I don’t particularly like this time of year. The days get shorter, the weather gets colder, and it seems like the faster I rake & bag the leaves, the faster they come hurtling down. Perhaps the worst tradition of the season, at least on the East coast, is the “fall back” of clocks to standard time. Sure, we get an extra hour of sleep for one night, but we pay for it many times over when darkness settles in before most of us leave work for the day.
Time is such a valuable commodity, especially for those of us affected by diabetes. I would love to have that extra hour at the end of each day to go for a bike ride, walk around the neighborhood, or even to do some work in the yard (can’t ignore the leaves). I think that having a health condition like diabetes makes us appreciate time that much more. Although the average life expectancy for people with diabetes is creeping ever closer to that of those without diabetes, one never knows what their personal future truly holds.
There is no question that diabetes self-care takes up valuable time that could be used for other things. From medical appointments, filling prescriptions and tracking down supplies to counting carbs and all the hundreds of other little things we must do each day, diabetes clearly robs us of precious time. But if there one aspect of diabetes self-care that I see as a wise investment, it is diabetes self-management training/education (DSME). Time and time again, research has shown that DSME out-performs all manner of diabetes medications and devices when it comes to improving important clinical outcomes such as A1c, time in-range, weight control and overall health. DSME can take a variety of forms – from reading books, magazines and online articles to participating in educational classes and conferences, as well as the time you spend with a CDCES (certified diabetes care & education specialist).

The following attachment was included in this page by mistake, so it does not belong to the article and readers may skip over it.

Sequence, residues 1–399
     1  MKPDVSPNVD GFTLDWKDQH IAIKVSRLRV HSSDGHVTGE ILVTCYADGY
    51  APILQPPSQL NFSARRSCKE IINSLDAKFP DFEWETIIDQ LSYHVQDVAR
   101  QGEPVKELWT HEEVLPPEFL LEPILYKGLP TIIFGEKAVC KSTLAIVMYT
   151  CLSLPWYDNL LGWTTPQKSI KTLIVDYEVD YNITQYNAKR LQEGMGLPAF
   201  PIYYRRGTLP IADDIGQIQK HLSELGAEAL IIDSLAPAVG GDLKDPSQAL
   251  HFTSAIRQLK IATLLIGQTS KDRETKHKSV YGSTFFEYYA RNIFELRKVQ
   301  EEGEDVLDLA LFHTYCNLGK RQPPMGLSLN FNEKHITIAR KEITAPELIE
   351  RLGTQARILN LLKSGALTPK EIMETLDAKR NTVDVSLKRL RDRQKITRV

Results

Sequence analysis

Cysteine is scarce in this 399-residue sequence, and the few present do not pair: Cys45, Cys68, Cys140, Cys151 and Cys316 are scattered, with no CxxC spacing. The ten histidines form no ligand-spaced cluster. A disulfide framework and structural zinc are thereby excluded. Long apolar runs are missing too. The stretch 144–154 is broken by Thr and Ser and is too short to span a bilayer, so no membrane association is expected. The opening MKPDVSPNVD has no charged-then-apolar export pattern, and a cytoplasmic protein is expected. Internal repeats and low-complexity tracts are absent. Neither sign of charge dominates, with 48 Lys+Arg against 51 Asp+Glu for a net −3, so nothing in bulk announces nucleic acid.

Time and time again, research has shown that diabetes self-management education out-performs all manner of medications and devices when it comes to improving important clinical outcomes.
DSME doesn’t have to take up a lot of your valuable time. At IDS, we do all in our power to tailor our services to the individual. Sometimes, DSME takes place as we answer questions via email, phone calls or text messages. In other instances, it takes place as part of a scheduled appointment, or through webinars like the ones at Type-1 University (www.type1university.com). The key is that we focus on topics that are of importance to our clients and customize the training/education to their preferred learning style. Short on time and just want to get to the point? We can meet for as little as 15 minutes. Have a lot to discuss and prefer a leisurely discussion? Let’s plan on an hour or more. It is entirely up to you. Just give us a call and let us know what you’re interested in learning more about.
I hope you find this month’s edition (and every edition) of Diabetes Bites to be worth your time. If you have ideas for making it better, let me know. Your feedback is always appreciated!
OUT-MUSCLE DIABETES with Kathryn Gentile, ACSM-CEP, EIM level II, CPT, CSN.
Classes will be limited to 12 participants and will be conducted at a moderate intensity. The workout will consist of strength and cardiovascular exercises. The cost for each session will be $10 or you can purchase an unlimited month of sessions for $30.